Notes by Allen Smith of Braithwell, Micklebring and Clifton History and Heritage Group
A great part of the reign of King Edward I, was spent in warfare. - in Flanders, Gascony and also in Scotland, culminating in the defeat by William Wallace at Stirling in 1297.
Many of his policies were disliked by nobility and commoners alike.
The nobles did not like the way the "Great Charter" (Magna) was being abused by the King. Under the Charter, no taxes were supposed to be levied without the consent of Parliament. - but this clause was being ignored! Because of the expense of defending the realm, the King needed more money, and because of his unpopularity, he could see that the only way was to reconvene Parliament and go through the proper channels.
The King was not present at the first session, and many Parliamentarians were suspicious of his motives. (Some even brought their own private armies to act as bodyguards should the need arise.) After intervention by the Archbishop of Canterbury, progress was made, and the King agreed to accept all the clauses contained in the Great Charter. In return, Parliament sanctioned a levy on the whole country to pay for home defence, which was a real threat. Under the levy, the common people were to be assessed as to their wealth, and then they had to pay one ninth of their agreed value to the Crown. The Clergy were to give one tenth, and the Arshbishop of York and his clergy were to contribute one fifth. (The reason given was that it was this area which was threatened by invasion.)
Two chief "taxors" were appointed by the Crown, and they "caused between two and four trustworthy men of each vill to swear they would loyally tax and assess all goods in fields and home or elsewhere on the day of St.Michaels last". The taxors were told to visit each hundred or vill to enquire if the taxation had been done properly according to the rules. The terms of reference were specific. Any goods removed before the date of taxation were to be taxed like the rest. If they found anything concealed, or taxed at less than its value, they were to increase it. They were told to levy and collect the "ninth", as it came to be known, with all speed, and pay it in to the Exchequer. The urgency was because of fear of invasion. "Omit taxing no one who was liable for love, hatred and favour, gift or promise" and they were to take nothing for themselves from those whose goods ought to be taxed.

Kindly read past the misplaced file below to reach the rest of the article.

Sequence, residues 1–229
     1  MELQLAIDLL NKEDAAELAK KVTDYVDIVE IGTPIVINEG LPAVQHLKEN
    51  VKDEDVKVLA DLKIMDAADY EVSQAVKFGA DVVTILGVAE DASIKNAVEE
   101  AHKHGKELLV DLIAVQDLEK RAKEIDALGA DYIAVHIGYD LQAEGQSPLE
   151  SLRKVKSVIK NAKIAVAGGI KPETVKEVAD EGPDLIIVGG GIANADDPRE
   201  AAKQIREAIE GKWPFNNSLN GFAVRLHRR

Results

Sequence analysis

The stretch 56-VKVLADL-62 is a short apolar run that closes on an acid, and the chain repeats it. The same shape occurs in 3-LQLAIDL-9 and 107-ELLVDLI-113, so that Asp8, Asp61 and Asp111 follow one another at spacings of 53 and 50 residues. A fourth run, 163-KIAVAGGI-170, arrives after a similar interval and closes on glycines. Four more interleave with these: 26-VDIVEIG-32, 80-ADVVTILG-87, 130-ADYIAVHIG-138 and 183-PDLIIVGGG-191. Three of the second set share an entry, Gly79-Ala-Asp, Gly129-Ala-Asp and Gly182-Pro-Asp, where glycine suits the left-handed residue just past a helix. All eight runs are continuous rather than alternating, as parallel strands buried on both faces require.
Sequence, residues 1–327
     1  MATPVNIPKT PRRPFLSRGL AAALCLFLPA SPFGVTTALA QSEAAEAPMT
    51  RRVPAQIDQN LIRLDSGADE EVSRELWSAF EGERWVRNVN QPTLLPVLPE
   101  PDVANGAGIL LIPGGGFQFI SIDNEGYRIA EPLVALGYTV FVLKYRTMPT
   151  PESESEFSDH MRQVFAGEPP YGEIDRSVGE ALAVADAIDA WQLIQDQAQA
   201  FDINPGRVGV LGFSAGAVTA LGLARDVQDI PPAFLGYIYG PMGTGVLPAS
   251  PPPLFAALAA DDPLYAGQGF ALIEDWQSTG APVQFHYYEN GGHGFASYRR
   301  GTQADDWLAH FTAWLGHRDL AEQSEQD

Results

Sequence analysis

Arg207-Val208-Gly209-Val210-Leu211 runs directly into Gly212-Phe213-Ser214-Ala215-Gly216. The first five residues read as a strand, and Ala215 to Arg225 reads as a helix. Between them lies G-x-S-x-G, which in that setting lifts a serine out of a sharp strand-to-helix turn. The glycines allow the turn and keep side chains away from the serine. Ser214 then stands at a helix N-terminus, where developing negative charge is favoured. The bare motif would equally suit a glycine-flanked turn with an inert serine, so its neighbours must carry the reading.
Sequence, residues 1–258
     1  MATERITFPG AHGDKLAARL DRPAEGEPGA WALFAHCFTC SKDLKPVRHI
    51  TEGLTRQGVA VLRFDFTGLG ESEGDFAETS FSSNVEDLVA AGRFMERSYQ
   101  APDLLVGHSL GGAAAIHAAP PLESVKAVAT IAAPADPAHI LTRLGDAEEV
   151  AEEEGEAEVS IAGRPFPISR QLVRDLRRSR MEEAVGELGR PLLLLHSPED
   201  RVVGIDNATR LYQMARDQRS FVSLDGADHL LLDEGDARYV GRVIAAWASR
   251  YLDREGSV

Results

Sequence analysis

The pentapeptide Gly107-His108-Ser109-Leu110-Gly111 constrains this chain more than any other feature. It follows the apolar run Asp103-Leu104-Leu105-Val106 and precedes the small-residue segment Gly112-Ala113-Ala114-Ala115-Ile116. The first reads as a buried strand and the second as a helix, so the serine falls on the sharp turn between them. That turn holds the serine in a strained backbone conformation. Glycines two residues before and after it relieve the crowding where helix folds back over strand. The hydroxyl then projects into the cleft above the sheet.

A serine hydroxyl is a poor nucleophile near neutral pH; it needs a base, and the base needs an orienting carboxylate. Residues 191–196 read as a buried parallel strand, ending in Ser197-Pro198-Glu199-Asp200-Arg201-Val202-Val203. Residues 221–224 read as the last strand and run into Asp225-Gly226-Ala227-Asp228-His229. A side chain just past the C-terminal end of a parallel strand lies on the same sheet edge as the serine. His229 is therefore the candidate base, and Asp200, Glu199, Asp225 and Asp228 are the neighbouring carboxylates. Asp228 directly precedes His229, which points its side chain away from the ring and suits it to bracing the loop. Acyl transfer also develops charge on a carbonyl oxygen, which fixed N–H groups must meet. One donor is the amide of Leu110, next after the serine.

Braithwell, like all other Townships, was duly taxed at Michaelmas 1297 and below is a list of the inhabitants and their taxable goods. (Taken from the Yorkshire Archaeological Society Record Series - Lay Subsidies. Vol.XVI. - translated from the Latin. It should be noted that the records of this Subsidy Tax in the West Riding are intact, whereas those for the rest of Yorkshire are incomplete.)
Dionisia de Scefeud (Scheffeld) - has 1 horse valued at 4s., 4 oxen each valued at 5s., 3 quarters of fine wheat at 3s. per quarter, 4 quarters of oats valued at 15d. per quarter.
Willhelmus de Conuale - has 1 horse value 3s., 2 oxen, value 5s. each, 2 quarters of fine wheat at 3s. per quarter, 2 quarters of oats at 15d. per quarter.
Ricardus Jerways. - has I horse, value 4s., 1 ox, value 5s., 2 quarters of fine wheat at 3s. per quarter, 2 quarters of oats at 15d. per quarter, 2 pigs, valued at 12d: each.
Elyus Gully. - has I horse, value 4s.,1 quarter of fine wheat, value 3s., I quarter of oats,
value 15d., 1 pig, value 12d.
Adam de Cressey. - has 1 horse, value 4s., 2 oxen valued at 5s. each, 1 goose, value I2d., 2 young oxen , valued at 8d each, 2 quarters of fine wheat, at 3s. per quarter, 2 quarters of oats at 15d. per quarter, I cow valued at 4s.
Total 28s. I0d.
(ix) 3s. 2d.
Elyas Clericus. - has 1 horse, value 4s., 2 oxen, valued at 5s. each, 1 cow valued at 4s., 4 young oxen, valued at 8d. each, I pig valued at 12d., 3 quarters of fine wheat, valued at 3s. per quarter, 3 quarters of oats , valued at 15d. per quarter.
Anna Gregory - has 1 horse valued at 4s., 1 oxen valued at 5s., 1 quarter of fine wheat, valued at 3s., 1 quarter of oats valued at 15d., 1 pig valued at 12d.
Andreas de Mickilbrig - has 1 horse, value 4s., 1 ox value 5s., a half quarter of wheat valued at 18d., I quarter of oats valued at 15d.
Willelmus, son of Petri - has 1 horse, value 3s, 1 ox, value 5s., 1 quarter of fine wheat valued at 3s., 1 quarter of oats valued at 15d.
Ricardus Olman - has 1 horse, value 3s., 1 ox valued at 5s., one and a half quarters of wheat, valued at 3s. per quarter, 3 quarters of oats valued at 15d. per quarter.
Willhelmus de Derby - has 1 horse, value 4s., 1 pig, value 12d., 1 quarter of fine wheat value 3s., 1 quarter of oats, value 15d.
Total for the Township
Willhehnus Jerways 12d.
Ricardus Alkoc 2s.
Willhehnus Bulloc de Clifton 18d.
ix Tax 24s.1d.
It can be deduced from these returns that oxen, and not horses were in common use in the village at that time as beasts of burden, with the possibility that horses were used mainly as a means of transport.